03/13/2013 12:02 EDT | Updated 05/13/2013 05:12 EDT

Sticky Situation: An Air-Kissing How-To

Getty Images
An unidentified Lebanese officer (R) bids farewell to head of Syrian military intelligence in Lebanon General Rustom Ghazaleh during a military ceremony at a Lebanese army air base in Rayaq 26 April 2005. The last Syrian troops crossed the border back home, ending a 29-year presence in Lebanon and ushering in a new era for Syria's tiny neighbour. AFP PHOTO/PATRICK BAZ (Photo credit should read PATRICK BAZ/AFP/Getty Images)

Sticky situation:

Help! I got air-kissed and ended up butting noses. That was awkward and embarrassing...

I just got a promotion as regional director for one of Canada's leading retailers. I am a 26-year-old woman. Eastern Canada is my region.

The incident happened during my first road trip with my boss, when he introduced me to one of our senior store managers. I put out my hand, he looked in my eyes and then quickly shifted to my right cheek. He pulled me in to peck, not only once but twice, on each cheek. I was surprised. Startled, I moved and it caused a nose collision. The manager and my boss laughed while I nervously giggled.

What is the protocol on air-kissing, who goes first and on which side? Better yet, how do I avoid this altogether?


In our multicultural country, your question is relevant. There are all kinds of greetings out there, including these funny versions of the handshake by Oatmeal. Any one of those could also present a Sticky Situation.

In 2013, the global contemporary workplace's universal greeting of choice is still the handshake.

The folkloric beginnings of this salutation are credited to knights. As they acknolwedged one another and sealed agreements, they grasped each other's right hand; the preferred hand of choice for the use of weapons. By gripping each other, they confirmed the absence of daggers and ultimately intentions of goodwill.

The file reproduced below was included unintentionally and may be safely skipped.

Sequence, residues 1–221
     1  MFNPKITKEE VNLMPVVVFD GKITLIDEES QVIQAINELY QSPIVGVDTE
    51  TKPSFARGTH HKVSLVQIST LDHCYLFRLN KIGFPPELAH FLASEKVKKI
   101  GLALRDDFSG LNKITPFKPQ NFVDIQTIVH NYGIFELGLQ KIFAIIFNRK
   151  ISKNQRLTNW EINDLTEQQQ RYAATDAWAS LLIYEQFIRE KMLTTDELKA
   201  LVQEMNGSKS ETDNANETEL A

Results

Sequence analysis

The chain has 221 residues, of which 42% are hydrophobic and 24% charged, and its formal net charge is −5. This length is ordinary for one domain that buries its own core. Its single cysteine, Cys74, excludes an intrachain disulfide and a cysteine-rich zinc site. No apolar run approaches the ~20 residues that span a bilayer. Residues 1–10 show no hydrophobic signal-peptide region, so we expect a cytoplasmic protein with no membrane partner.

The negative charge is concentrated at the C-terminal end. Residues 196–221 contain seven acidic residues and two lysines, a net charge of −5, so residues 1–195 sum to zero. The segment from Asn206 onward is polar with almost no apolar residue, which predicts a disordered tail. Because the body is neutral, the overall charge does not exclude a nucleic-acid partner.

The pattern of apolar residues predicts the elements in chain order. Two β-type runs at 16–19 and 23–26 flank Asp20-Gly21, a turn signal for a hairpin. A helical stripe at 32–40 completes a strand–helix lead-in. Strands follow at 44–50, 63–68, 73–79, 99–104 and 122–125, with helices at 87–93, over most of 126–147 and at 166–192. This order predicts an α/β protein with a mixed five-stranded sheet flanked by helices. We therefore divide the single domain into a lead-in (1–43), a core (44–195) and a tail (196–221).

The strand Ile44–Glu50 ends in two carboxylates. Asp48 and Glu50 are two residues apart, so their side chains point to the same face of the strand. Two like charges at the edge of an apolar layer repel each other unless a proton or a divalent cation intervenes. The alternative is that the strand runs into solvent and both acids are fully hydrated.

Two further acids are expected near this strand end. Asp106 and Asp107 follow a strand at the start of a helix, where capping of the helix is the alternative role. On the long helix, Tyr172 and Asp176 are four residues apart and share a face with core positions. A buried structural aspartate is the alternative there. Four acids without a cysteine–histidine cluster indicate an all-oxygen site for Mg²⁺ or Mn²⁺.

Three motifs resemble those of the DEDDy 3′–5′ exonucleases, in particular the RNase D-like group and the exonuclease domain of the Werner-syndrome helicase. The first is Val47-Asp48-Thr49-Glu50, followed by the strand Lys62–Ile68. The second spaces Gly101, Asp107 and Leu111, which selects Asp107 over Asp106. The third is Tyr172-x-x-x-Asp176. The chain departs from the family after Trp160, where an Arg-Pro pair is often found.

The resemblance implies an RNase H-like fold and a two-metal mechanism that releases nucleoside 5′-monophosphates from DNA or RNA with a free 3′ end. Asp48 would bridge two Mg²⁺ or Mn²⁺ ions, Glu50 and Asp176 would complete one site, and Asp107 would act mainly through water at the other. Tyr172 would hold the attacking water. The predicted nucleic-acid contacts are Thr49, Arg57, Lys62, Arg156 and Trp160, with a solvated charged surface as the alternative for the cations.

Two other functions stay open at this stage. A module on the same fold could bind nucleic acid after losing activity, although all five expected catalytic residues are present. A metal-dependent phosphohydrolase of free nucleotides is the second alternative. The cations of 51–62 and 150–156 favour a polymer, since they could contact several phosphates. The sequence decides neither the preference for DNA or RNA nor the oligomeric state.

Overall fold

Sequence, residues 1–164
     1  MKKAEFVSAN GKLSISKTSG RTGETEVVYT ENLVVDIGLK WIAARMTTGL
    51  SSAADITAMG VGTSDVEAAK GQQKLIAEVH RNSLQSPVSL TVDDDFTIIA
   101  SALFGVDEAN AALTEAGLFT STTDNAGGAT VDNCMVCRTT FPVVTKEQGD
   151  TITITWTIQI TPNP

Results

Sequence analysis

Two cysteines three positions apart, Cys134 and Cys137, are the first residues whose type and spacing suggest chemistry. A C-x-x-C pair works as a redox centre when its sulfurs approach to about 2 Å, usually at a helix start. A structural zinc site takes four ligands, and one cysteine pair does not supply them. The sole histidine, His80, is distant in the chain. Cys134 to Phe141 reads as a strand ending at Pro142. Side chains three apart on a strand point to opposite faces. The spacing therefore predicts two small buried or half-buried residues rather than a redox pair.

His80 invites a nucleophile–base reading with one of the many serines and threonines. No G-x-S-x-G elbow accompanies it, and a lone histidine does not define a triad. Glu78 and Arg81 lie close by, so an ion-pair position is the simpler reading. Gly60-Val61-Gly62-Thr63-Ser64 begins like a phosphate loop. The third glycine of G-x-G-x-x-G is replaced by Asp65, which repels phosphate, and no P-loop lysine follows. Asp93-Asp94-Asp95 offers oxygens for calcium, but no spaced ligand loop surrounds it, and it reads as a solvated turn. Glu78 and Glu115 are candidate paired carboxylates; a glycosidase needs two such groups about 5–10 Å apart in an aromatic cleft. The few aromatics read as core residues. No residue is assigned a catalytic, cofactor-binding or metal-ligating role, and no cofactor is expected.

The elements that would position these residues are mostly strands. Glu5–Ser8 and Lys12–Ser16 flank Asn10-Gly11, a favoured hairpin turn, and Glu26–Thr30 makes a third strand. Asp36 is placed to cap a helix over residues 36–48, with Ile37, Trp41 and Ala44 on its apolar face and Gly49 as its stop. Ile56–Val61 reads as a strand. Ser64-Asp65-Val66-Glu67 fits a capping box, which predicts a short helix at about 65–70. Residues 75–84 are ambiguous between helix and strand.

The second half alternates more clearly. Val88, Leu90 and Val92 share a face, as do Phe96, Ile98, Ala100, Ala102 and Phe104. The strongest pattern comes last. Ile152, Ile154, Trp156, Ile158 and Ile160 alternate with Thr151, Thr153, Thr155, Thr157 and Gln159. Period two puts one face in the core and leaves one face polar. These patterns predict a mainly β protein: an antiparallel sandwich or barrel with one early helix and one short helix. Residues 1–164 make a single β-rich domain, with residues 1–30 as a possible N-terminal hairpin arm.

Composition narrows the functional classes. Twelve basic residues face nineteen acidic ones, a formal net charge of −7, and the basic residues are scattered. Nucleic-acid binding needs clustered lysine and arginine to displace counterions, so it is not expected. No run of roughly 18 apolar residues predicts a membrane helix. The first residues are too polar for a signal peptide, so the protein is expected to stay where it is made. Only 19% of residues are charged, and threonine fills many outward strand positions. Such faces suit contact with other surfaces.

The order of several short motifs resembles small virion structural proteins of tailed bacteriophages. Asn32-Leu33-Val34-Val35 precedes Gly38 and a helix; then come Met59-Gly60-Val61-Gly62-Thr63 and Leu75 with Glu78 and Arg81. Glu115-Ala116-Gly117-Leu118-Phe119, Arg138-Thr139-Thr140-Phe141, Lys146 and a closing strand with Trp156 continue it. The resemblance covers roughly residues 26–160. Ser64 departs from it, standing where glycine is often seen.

To this day, this peace symbol is still the prized photograph by paparazzi during any world leaders' meeting.

Canada's modern business society recognizes everyone as equal, without gender or cultural distinctions. Hence, all should generally shake hands.

Now for the Sticky Situation, what do you do when someone puckers up and is going for an air-kiss?

The general guideline for etiquette is: "when in Rome do as Romans do."

With that in mind you may wish to adapt your usual business greeting. Follow your host's lead and air-kiss in the arts world, when visiting socially in French Canada or when it is the custom within the organization.

To maintain a professional demeanour, you can also choose to re-establish the balance by not leaning in and presenting your right hand. Yes, it will be awkward. But, if that is how you feel most comfortable when greeting your business connections, it is acceptable. Make sure to carry on positively so as not to stretch the malaise.

As far as the air-kiss protocol goes, it should be:

  1. Lean in to the left.
  2. Almost make right-cheek-to-right-cheek contact.
  3. Purse your lips and kiss the air.
  4. Repeat to the right.
  5. End heart-to-heart.

In business, avoid full contact and "smooching" sounds.

The origins of la bise are related to physical well-being. Family members, greeting each other, could detect digestive or health problems based on the smell of the body or the breath.

Now that you know the step-by-step guide for air-kissing, forget about it. Really. Most people are not aware of it. You just have to wait, observe and go with the flow. Voilà! C'est la vie.